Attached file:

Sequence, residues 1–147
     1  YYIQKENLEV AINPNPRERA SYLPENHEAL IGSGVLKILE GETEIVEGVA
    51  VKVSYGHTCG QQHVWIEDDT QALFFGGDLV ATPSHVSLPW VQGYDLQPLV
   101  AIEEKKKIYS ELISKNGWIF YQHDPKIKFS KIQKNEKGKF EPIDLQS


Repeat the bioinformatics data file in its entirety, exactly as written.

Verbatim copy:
Sequence, residues 1–147
     1  YYIQKENLEV AINPNPRERA SYLPENHEAL IGSGVLKILE GETEIVEGVA
    51  VKVSYGHTCG QQHVWIEDDT QALFFGGDLV ATPSHVSLPW VQGYDLQPLV
   101  AIEEKKKIYS ELISKNGWIF YQHDPKIKFS KIQKNEKGKF EPIDLQS